How Is The Citrus FAST TRACK Program Faring?

In 2002, former U.S. Secretary of Defense Donald Rumsfeld famously said, “As we know, there are known knowns; there are things we know we know. We also know there are known unknowns; that is to say we know there are some things we do not know. But there are also unknown unknowns — the ones we don’t know we don’t know.”

If we didn’t know better, we would think that Mr. Rumsfeld was a citrus grower planting experimental FAST TRACK selections.

In case you need a refresher: FAST TRACK is a system co-developed by UF/IFAS, Florida Foundation Seed Producers Inc. (FFSP), and New Varieties Development and Management Corp. (NVDMC) designed to enable growers and nurseries to engage with promising experimental UF/IFAS fresh citrus selections much earlier in the process.

Now that the oldest FAST TRACK trees are two years old, growers are looking for a barometer check on their performance. There is some fruit on some trees, but not all of the selections are fruiting. When the program was first launched, collaborative efforts were made to develop survey forms for gathering information about the selections. However, early interest was entirely focused on the fruit. We have yet to develop a means of gathering information about tree health and tree performance.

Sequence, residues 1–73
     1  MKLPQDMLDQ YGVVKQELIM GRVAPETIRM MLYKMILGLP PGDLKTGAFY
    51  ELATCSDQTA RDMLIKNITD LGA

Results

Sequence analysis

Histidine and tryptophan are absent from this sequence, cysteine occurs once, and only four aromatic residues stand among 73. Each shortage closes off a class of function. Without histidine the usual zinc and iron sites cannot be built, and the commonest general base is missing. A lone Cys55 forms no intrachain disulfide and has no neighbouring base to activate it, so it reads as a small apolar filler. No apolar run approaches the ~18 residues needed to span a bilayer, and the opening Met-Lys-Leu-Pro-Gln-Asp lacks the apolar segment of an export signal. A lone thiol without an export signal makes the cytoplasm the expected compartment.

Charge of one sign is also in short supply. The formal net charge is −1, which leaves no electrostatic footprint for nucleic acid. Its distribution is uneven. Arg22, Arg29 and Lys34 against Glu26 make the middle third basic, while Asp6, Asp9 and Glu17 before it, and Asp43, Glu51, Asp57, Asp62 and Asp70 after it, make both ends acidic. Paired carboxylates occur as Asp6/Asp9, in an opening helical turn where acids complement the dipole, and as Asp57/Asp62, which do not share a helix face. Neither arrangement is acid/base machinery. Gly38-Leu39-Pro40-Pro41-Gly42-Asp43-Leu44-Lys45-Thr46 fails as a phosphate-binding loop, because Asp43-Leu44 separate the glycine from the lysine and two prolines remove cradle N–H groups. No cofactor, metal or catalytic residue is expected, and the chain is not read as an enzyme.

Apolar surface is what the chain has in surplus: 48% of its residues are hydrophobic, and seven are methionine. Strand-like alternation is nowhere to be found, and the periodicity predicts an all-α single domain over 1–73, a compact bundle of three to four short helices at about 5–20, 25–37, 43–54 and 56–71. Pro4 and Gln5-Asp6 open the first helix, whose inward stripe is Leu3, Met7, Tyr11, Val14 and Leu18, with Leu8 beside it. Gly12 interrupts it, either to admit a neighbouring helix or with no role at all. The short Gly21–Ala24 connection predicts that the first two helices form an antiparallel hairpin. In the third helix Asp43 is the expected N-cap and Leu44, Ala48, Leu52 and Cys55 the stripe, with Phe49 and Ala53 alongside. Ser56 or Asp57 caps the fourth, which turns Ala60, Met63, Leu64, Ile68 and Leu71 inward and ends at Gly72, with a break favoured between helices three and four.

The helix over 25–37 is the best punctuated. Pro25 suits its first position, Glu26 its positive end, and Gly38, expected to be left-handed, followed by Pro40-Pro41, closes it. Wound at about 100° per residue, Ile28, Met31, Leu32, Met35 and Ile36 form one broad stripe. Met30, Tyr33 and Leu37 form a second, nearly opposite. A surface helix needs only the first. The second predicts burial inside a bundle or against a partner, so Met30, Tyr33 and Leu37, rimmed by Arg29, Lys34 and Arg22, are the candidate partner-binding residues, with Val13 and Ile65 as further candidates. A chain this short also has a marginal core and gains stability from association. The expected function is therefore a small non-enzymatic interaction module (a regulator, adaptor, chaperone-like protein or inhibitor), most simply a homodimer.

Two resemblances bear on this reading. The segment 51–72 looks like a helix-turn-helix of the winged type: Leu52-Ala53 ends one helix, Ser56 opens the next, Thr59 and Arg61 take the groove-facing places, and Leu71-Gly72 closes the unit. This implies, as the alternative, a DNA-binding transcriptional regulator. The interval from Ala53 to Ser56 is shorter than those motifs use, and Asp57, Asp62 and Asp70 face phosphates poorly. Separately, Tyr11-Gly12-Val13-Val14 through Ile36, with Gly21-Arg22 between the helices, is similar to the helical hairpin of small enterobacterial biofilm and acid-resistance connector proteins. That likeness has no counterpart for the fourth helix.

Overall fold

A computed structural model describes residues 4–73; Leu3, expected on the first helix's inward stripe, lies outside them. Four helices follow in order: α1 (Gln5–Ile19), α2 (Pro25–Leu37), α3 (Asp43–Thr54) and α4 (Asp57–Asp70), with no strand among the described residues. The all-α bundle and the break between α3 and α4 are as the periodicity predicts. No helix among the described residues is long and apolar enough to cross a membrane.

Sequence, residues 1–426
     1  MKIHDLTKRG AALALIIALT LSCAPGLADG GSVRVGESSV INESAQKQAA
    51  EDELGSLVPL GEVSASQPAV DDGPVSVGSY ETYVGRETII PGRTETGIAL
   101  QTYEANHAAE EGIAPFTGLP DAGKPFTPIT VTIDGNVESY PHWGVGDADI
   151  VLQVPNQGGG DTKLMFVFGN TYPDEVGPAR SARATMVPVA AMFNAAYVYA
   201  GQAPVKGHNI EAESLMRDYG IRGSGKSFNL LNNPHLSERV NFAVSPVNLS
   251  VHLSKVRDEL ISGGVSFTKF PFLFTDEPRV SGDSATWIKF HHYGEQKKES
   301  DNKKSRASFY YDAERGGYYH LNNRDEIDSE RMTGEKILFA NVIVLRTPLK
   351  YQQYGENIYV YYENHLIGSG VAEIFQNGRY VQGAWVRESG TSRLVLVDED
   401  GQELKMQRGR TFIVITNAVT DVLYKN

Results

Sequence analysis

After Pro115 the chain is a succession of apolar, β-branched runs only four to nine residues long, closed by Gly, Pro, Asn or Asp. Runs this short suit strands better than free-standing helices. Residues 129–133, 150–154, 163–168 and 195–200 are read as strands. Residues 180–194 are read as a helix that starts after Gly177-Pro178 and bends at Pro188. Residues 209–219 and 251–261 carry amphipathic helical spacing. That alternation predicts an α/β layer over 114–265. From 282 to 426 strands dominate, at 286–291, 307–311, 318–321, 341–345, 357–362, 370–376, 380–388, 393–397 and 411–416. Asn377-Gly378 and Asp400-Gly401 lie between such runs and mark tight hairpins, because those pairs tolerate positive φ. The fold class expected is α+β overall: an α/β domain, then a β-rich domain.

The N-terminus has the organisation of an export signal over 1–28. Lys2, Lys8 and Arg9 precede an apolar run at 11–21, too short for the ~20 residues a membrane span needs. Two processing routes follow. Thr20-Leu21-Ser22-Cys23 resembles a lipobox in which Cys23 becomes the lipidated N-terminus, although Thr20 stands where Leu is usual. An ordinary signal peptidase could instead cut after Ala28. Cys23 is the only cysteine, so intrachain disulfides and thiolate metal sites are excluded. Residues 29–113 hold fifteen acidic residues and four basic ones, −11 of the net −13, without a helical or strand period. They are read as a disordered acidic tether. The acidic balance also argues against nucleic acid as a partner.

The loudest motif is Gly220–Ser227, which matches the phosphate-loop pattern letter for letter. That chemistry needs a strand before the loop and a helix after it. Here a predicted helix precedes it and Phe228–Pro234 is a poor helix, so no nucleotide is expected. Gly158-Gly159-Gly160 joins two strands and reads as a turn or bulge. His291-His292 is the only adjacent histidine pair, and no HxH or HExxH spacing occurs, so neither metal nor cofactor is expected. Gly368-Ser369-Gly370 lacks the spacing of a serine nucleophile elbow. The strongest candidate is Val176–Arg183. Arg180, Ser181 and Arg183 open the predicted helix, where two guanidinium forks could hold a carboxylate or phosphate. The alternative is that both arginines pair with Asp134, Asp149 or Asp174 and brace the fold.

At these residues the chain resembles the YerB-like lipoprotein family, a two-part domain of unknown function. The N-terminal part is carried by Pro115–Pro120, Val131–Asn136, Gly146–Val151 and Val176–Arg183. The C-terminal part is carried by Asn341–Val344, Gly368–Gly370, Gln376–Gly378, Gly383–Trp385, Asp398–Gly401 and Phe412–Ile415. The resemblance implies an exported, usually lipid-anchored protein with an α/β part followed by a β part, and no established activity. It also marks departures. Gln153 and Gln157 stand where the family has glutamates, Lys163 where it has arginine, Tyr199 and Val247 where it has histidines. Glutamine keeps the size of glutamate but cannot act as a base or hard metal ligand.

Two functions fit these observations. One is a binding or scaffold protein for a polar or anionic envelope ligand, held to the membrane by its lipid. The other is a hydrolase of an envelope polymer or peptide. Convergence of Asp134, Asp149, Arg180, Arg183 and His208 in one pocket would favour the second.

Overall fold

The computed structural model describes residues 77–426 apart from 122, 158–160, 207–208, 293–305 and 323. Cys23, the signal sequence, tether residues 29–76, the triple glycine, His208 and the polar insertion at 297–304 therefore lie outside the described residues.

NVDMC reached out to many of the FAST TRACK growers and nurseries for a candid evaluation of the program. Growers have been responding and the results are interesting, though somewhat predictable. Nursery surveys were sent a few days later and results were not available by the deadline for this article. Nursery input will be revisited with FNGLA’s Citrus Nursery Division.

Here is a compilation of the most common answers to the grower survey questions:

What do you like most about the FAST TRACK Program?

• The opportunity to get experience with these selections soon after they are identified. I need answers and this trial helps keep me on the cutting edge.
• The option to roll the dice on commercial plantings — if I wish to do so.
• Being rewarded for my efforts with lower royalty and a production head-start, should any of my selections move to the commercial level.

What do you like least about the FAST TRACK program?

Inconsistencies. I often do not get the rootstocks that I ordered or the quantity of trees that I ordered. Though I understand that things can happen at the budwood or nursery stage, this makes it difficult to organize a structured trial. I get frustrated.
• Timing. I don’t get all of my selections at the same time. They trickle out as they are ready. It is troublesome to drive several hours to a nursery for a few trees knowing that I will have to do it again when the remainder of the order is ready. Not all nurseries deliver or ship.
Budwood. I like seeing the selections launched as soon as possible in the process, but I want a large supply of budwood available at the outset. What is the middle ground here?